Genel Enerji Looking for Ways to Spend $1.9 Billion
By: Hacer Gemici Translated from Haberturk (Turkey).
Turkish oil and gas-exploration company Genel Energy recently partnered with the British firm Vallares, and the two companies count several interesting names among their ranks. These include Nathaniel Rothschild, a financial investor from the prominent Rothschild family; former US ambassador to Turkey Mark Parris; former BP CEO Tony Hayward and Chairman of Turkish Cukurova Holding’s Mehmet Emin Karamehmet. These days, the biggest problem facing these individuals is the $1.9 billion in cash sitting in their safe.
About This Article
Turko-British Genel Enerji and Vallares oil-exploration partnership, led by former BP executive Tony Hayward, is fervently trying to spend $1.9 billion in projects around the MENA region. The partnership's executives predict that only four to five giant oil companies will soon be left in Northern Iraq. Hacer Gemici reports.Publisher: Haberturk (Turkey)
Looking for Ways to Spend 1.9 Billion Dollars
Author: Hacer Gemici
First Published: February 23, 2012
Posted on: February 28 2012
Translated by: Timur Goksel
Mehmet Sepil, the Chairman of the Board of Genel Energy — today the biggest oil company in Northern Iraq — and the CEO of the newly-formed partnership, Tony Hayward, can’t stop talking about the dollars filling their pockets.
Genel Energy wants to invest these idle dollars in new reserves and fields within the next 12-18 months, and has natural gas deposits in the Middle East, North Africa, West Africa, Mersin and Iskenderun (in Turkey) in its sights. In the short term, it will dig seven new wells in Northern Iraq this year through a process of aggressive exploration.
Why is Genel Energy so keen to invest its $1.9 billion? While $1.9 billion in the bank during a time when the sector is facing funding problems might appear to some as an important edge, these reserves might also well become a liability. By saying “We have plenty of money,” both Mehmet Sepil and Tony Hayward are sending messages to their rivals and potential investors while they look for the right places to invest.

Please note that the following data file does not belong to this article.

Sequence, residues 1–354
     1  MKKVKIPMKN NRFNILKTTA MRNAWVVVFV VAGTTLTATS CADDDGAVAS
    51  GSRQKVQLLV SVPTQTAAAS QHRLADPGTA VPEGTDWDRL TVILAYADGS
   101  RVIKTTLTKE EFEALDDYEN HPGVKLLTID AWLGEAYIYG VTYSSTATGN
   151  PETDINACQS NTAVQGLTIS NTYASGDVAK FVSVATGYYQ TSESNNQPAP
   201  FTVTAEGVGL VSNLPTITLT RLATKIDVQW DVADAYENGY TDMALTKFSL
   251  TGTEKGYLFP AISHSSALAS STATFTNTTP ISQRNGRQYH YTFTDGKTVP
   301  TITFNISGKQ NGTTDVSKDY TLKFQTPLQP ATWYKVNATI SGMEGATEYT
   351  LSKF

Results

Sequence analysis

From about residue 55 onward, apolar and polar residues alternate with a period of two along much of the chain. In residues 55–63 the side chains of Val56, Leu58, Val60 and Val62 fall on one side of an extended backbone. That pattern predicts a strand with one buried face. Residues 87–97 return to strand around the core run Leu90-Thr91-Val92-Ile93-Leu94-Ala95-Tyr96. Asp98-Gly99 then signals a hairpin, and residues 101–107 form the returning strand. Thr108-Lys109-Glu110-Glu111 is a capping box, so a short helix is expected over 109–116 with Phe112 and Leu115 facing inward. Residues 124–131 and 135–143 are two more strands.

‘’At the moment one side of us is a bank, the other side is an oil-exploration company. Those who invest in this sector don’t decide whether to invest or not based on cash on hand, but rather on expected exploration and production. You gain 1 percent in interest by having cash on hand, while returns from exploration and production are an expected 25 percent. This is why investors are expecting us to spend this money,” says Mehmet Sepil.
Genel Energy’s eagerness offers good opportunities for those looking for a partner, or to companies trying to sell out. Competition in Northern Iraq — from Exxon, Total and the Norwegian national oil company Statoil, to name a few — is getting tougher. Mehmet Sepil predicts that at least half of the 50 companies operating in the region will be eliminated, to be replaced by four or five big companies. “We shall be one of them,” he says.
CEO Tony Hayward, a man praised by Sepici as “our biggest advantage," says that Genel Energy will be worth $15-20 billion in the next three to five years.
When asked about oil prices, Hayward predicts that they won’t fall below $100 over the next three to five years.
Tony Hayward also has some interesting views about Northern Iraq. “I don’t think there will ever be an independent Kurdish state. Given that it would be landlocked, it would not want that. The goals of the Kurdish region are very different. They want to be a part of federal Iraq, and I think that Turkey, the US and Britain are basing their calculations on this desire,” he says.
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